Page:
Australian literature, the literature of Australia. Because the vast majority of early Australian settlers were transported prisoners, the beginnings of Australian literature were oral rather than written.
The Nineteenth Century
Early attempts at producing literary works were rather gentrified, written in the English style for an English audience. A good example is the work of W. C. Wentworth, author of Australasia, an Ode (1823), which is minor and imitative. During the next few decades Australian writers began to discover at least their subject, if not yet their voice, with the interpretive nature poetry of Charles Harpur (1813–68) and Henry Kendall (1839–82) and with the novels of Henry Kingsley (brother of Charles Kingsley), who wrote about pioneer life. The bush ballad, begun by Adam Lindsay Gordon, flowered in the work of Henry Lawson (1867–1922) and A. B. ( "Banjo" ) Paterson (1864–1941), whose Man from Snowy River and Other Verses (1895) includes the famous song "Waltzing Matilda."
Convict life was depicted in Henry Savery's Quintus Servinton (1830), but it was not until almost a century after the first prisoners arrived that they received their due, in Marcus Clarke's classic account of life in a penal colony, For the Term of His Natural Life (1874). Less powerful, but true to life in the bush, were the novels of Rolfe Boldrewood (pseud. of Thomas A. Browne) and James Tucker, whose Ralph Rashleigh (1844) was the first book to focus on Australia's unique combination of prison life, aborigines, and bushrangers. Other important 19th-century novelists were Miles Franklin (1879–1954), whose My Brilliant Career (1901) is often designated the first authentically Australian novel, and diarist-novelist Tom Collins (pseud. of Joseph Furphy, 1843–1912). Poets of note include Hugh McCrae (1876–1958) and Dame Mary Gilmore (1865–1962).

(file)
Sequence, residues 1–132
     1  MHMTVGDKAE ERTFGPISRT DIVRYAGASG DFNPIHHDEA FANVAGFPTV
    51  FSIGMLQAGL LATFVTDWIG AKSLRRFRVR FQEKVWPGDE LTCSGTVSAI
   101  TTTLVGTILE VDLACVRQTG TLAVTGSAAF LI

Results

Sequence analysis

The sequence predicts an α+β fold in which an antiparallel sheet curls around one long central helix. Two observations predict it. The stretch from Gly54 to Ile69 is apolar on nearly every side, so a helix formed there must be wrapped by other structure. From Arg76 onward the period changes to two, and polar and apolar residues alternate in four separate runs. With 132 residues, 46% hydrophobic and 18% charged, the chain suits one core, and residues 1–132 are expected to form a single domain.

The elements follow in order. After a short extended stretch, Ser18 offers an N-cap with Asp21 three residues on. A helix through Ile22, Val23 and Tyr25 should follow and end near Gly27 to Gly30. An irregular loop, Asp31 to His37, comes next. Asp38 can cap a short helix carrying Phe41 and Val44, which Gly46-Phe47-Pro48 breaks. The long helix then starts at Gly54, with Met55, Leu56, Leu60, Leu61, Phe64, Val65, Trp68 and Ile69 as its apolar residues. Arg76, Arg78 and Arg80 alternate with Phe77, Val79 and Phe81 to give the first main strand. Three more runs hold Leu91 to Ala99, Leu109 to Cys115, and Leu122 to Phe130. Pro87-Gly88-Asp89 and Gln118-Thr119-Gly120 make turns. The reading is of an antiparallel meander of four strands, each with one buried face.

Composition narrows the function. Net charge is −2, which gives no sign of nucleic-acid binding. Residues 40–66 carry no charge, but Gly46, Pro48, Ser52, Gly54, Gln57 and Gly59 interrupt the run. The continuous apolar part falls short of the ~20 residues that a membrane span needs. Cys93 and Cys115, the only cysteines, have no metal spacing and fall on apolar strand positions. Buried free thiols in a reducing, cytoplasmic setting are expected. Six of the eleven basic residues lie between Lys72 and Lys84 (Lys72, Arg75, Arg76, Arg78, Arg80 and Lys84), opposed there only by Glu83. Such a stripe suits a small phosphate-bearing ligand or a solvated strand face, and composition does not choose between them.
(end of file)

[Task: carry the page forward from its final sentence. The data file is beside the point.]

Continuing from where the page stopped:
The Twentieth Century
The increasing industrialization of the early 20th cent. rendered the pastoral nature of most Australian literature anachronistic. The present century eventually produced greater sophistication and diversity among writers. Probably the most important Australian writer of the early 20th cent. was Henry Handel Richardson (pseud. of Ethel Richardson Robertson), whose autobiographical trilogy, The Fortunes of Richard Mahoney (1930), presents a compelling portrait of Australian life. Richardson's reputation was matched at mid-century by Patrick White whose strong, somber novels, Australian in setting yet universal in theme, reveal the author's ambivalence toward his native land; White received the Nobel Prize in 1973.
Other notable 20th-century novelists are Brian Penton, Leonard Mann, Christina Stead (only one of whose novels is actually set in Australia), Arthur William Upfield (1888–1964), John O'Grady, Morris West, C. J. Koch, Peter Carey, Thomas Keneally, the aborigines Colin Johnson and Alexis Wright, and the Tasmanian writer Richard Flanagan. After emigrating to Australia in 1950, the English novelist Nevil Shute subsequently produced novels with Australian settings and themes. Remarkably, in a nation with such natural and human wonders, there has not yet been a major Australian poet. Current claimants, however, include R. D. Fitzgerald, Kath Walker, Judith Wright, J. P. McAuley, Kenneth Slessor, Vance Palmer, and Chris Wallace-Crabbe.
See H. M. Green and D. Green, A History of Australian Literature (2 vol., rev. ed. 1984); B. Argyle, An Introduction to the Australian Novel, 1830–1930 (1972); G. Dutton, The Literature of Australia (1976); L. Kramer, The Oxford History of Australian Literature (1981); and W. H. Wilde et al., The Oxford Companion to Australian Literature (1985).